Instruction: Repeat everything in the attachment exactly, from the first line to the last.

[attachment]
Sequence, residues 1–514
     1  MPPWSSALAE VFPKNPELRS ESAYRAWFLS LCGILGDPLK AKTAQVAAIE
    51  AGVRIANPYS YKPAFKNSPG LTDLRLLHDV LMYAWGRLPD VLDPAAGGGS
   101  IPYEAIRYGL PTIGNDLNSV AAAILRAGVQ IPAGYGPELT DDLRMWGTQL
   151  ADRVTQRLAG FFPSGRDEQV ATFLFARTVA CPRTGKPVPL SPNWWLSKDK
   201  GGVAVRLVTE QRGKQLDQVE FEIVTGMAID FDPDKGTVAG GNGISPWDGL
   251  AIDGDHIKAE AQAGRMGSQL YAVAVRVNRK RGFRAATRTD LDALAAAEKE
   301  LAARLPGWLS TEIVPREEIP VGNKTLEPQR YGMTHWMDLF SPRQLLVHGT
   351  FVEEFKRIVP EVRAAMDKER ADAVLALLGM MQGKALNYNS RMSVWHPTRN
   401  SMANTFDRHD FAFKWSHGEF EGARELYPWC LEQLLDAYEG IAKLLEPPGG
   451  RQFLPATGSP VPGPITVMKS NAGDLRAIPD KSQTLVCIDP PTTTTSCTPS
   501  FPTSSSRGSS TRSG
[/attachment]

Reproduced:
Sequence, residues 1–514
     1  MPPWSSALAE VFPKNPELRS ESAYRAWFLS LCGILGDPLK AKTAQVAAIE
    51  AGVRIANPYS YKPAFKNSPG LTDLRLLHDV LMYAWGRLPD VLDPAAGGGS
   101  IPYEAIRYGL PTIGNDLNSV AAAILRAGVQ IPAGYGPELT DDLRMWGTQL
   151  ADRVTQRLAG FFPSGRDEQV ATFLFARTVA CPRTGKPVPL SPNWWLSKDK
   201  GGVAVRLVTE QRGKQLDQVE FEIVTGMAID FDPDKGTVAG GNGISPWDGL
   251  AIDGDHIKAE AQAGRMGSQL YAVAVRVNRK RGFRAATRTD LDALAAAEKE
   301  LAARLPGWLS TEIVPREEIP VGNKTLEPQR YGMTHWMDLF SPRQLLVHGT
   351  FVEEFKRIVP EVRAAMDKER ADAVLALLGM MQGKALNYNS RMSVWHPTRN
   401  SMANTFDRHD FAFKWSHGEF EGARELYPWC LEQLLDAYEG IAKLLEPPGG
   451  RQFLPATGSP VPGPITVMKS NAGDLRAIPD KSQTLVCIDP PTTTTSCTPS
   501  FPTSSSRGSS TRSG